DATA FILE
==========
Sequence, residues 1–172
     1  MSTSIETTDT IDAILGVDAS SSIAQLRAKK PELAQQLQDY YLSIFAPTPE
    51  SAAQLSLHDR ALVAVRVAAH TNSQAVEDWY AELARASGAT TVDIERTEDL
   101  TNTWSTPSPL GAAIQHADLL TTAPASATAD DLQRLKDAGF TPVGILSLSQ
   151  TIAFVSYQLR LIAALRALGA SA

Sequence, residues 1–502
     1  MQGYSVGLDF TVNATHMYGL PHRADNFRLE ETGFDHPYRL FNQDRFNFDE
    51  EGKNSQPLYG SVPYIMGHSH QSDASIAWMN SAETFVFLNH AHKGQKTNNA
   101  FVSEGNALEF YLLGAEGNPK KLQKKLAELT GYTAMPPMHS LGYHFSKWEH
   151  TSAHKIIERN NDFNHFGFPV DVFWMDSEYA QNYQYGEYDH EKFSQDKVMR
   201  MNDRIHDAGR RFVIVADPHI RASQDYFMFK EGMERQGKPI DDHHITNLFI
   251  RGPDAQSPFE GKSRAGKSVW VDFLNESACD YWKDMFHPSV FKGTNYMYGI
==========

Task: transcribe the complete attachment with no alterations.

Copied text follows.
Sequence, residues 1–172
     1  MSTSIETTDT IDAILGVDAS SSIAQLRAKK PELAQQLQDY YLSIFAPTPE
    51  SAAQLSLHDR ALVAVRVAAH TNSQAVEDWY AELARASGAT TVDIERTEDL
   101  TNTWSTPSPL GAAIQHADLL TTAPASATAD DLQRLKDAGF TPVGILSLSQ
   151  TIAFVSYQLR LIAALRALGA SA

Sequence, residues 1–502
     1  MQGYSVGLDF TVNATHMYGL PHRADNFRLE ETGFDHPYRL FNQDRFNFDE
    51  EGKNSQPLYG SVPYIMGHSH QSDASIAWMN SAETFVFLNH AHKGQKTNNA
   101  FVSEGNALEF YLLGAEGNPK KLQKKLAELT GYTAMPPMHS LGYHFSKWEH
   151  TSAHKIIERN NDFNHFGFPV DVFWMDSEYA QNYQYGEYDH EKFSQDKVMR
   201  MNDRIHDAGR RFVIVADPHI RASQDYFMFK EGMERQGKPI DDHHITNLFI
   251  RGPDAQSPFE GKSRAGKSVW VDFLNESACD YWKDMFHPSV FKGTNYMYGI